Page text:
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Summer 2008 Vol. 15. No. 4 Focus on Following the Money

Theme articles

SRC heeds call to lower class size in some schools

By by Paul Socolar on May 22, 2008 12:00 AM

Though facing a gaping budget deficit in 2008-09, the School Reform Commission has taken steps to reverse what had become an upward trend in class sizes in District elementary schools.

As many as 126 extra teachers will be hired this summer to reduce class size to 22 or smaller at the 35 District elementary schools that are in Corrective Action II status. These are schools that fell short of Adequate Yearly Progress performance targets for five years or more.

The SRC has carved out $15.6 million from a tight budget to devote to this limited class size reduction initiative and to provide each school in the District with at least a part-time art or music teacher.

“We readily acknowledge that fully achieving class size reduction in all kindergarten through third grade classrooms districtwide will be a multi-year initiative,” said SRC chair Sandra Dungee Glenn. “However, we must begin, and we are beginning here and now.”

Commitments to reduce class sizes districtwide, bring back art and music, and focus on schools in Corrective Action II were all part of a SRC statement of priorities last October. Dungee Glenn expressed hope that future budgets would address the other top SRC priorities – adding counselors, nurses, and librarians.

Advocates praised the commitment but said it needed to go farther. “We are pleased that some schools will get smaller class size,” said Sheila Simmons, education coordinator for Public Citizens for Children and Youth, at a City Council hearing on the District budget, “but we need it for all our schools.” Simmons noted that the budget at the same time includes the elimination of 151 teaching positions due to a 3,300-student decline in enrollment.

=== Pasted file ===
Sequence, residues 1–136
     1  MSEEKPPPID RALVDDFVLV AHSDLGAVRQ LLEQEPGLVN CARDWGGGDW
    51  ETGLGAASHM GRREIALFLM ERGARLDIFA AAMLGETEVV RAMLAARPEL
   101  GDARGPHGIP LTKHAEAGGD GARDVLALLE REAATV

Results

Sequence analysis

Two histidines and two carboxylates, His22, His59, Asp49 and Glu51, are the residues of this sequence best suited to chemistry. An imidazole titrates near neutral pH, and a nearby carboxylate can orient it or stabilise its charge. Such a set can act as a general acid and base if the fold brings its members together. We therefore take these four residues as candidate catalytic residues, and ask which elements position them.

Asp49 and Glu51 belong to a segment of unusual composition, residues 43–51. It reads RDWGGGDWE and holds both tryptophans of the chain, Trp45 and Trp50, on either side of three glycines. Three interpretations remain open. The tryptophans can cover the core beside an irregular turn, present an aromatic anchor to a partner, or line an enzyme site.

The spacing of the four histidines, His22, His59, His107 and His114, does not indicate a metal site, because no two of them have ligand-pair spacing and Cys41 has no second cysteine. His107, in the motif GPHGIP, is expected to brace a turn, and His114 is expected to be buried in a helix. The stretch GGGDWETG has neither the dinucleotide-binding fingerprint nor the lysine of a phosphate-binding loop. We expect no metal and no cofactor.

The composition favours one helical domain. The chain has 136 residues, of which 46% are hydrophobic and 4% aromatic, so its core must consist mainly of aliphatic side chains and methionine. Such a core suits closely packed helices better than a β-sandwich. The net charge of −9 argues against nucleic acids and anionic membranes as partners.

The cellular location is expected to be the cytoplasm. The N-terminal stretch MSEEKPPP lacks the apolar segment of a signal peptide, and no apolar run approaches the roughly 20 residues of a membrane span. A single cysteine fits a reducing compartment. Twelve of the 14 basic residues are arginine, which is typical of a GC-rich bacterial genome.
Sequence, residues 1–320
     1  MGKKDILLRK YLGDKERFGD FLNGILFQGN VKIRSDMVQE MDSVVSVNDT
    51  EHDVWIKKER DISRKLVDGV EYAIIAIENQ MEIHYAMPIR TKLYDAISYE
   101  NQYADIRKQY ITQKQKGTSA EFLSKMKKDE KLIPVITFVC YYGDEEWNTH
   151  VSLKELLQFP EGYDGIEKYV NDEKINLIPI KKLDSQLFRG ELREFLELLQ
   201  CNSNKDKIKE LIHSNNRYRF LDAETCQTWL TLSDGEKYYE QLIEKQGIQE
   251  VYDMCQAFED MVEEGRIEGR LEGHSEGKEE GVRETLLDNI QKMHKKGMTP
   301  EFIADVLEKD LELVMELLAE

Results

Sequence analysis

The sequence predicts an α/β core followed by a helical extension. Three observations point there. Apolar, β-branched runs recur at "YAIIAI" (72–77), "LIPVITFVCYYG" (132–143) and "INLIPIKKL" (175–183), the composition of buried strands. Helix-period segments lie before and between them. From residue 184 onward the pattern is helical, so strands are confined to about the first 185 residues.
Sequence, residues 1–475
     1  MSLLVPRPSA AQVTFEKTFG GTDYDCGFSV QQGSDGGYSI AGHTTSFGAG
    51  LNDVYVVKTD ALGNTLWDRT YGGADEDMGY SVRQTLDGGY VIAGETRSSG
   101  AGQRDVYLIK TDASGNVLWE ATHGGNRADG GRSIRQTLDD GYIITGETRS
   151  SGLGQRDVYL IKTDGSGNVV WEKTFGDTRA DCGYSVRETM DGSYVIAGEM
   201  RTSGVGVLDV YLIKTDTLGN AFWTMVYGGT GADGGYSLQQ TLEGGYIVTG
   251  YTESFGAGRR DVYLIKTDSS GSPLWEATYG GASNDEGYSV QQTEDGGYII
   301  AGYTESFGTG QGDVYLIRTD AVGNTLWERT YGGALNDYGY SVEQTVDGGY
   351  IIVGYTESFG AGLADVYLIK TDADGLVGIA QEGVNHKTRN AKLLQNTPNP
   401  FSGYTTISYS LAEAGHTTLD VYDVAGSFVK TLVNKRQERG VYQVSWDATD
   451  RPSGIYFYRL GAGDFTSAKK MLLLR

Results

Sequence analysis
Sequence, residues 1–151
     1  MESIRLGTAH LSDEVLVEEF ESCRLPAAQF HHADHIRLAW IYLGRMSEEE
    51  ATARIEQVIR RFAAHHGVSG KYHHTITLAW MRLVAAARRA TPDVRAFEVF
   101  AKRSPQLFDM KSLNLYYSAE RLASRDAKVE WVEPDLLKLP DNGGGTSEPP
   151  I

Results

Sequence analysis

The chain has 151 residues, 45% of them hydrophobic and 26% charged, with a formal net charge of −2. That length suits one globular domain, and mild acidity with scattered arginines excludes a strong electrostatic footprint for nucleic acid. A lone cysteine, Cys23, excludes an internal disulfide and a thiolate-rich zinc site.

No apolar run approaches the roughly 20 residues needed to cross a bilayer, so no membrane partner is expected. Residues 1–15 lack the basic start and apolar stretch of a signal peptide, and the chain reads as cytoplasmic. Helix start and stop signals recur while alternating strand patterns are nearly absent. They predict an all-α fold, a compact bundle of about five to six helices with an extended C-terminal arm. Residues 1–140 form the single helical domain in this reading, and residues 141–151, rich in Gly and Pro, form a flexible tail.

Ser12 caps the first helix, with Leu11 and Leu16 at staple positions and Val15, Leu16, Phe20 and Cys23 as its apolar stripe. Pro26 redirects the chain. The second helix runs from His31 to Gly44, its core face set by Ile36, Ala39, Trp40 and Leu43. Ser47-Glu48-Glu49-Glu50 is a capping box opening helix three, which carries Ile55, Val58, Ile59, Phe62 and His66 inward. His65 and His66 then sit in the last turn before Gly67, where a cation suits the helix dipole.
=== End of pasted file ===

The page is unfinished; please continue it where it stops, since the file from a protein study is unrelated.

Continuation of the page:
“We urge you to identify the cost of having all elementary schools have small class size in the early grades and that you help support this initiative,” she added.

The SRC first publicly tackled the problem of growing class sizes in August 2007. At a staff briefing, SRC members received data confirming what parent groups had been saying for more than a year – that class sizes had climbed significantly in grades K-3.

According to the briefing, most elementary schools in spring 2007 had average class sizes of 25 or more in the early grades (see graph). In the years immediately before the 2006 budget crunch, average class sizes of 21 or 22 had been more typical in K-3 classrooms.

Noting “overwhelming” evidence supporting the impact of class size reduction on student achievement, the SRC quickly moved to add 30 more teachers to the lower grades in schools in Corrective Action.

When parent groups continued to hammer on the class size issue and protested the creation of split grades classrooms last fall, the SRC also committed to do away altogether with split grades – which effectively reduced class size further.

But in February, school budgets released by the District included split grade classrooms for next year. Parent organizations once again protested, Dungee Glenn responded, and the budgets were redrafted to eliminate split grades.

Revised school budgets also provided partial funding for an SRC mandate that every school offer its students art or music instruction.

Schools with fewer than 500 students must now hire an art or music teacher for at least two days per week. Schools with enrollments up to 1,000 must have a three-day-per-week art or music teacher, and schools of 1000 or more must have a full-time teacher. The District invested $6.7 million in this move, which subsidized half the cost of this modest level of arts instruction.

About the Author

Contact Notebook editor Paul Socolar at 215-951-0330 x2107 or by email.

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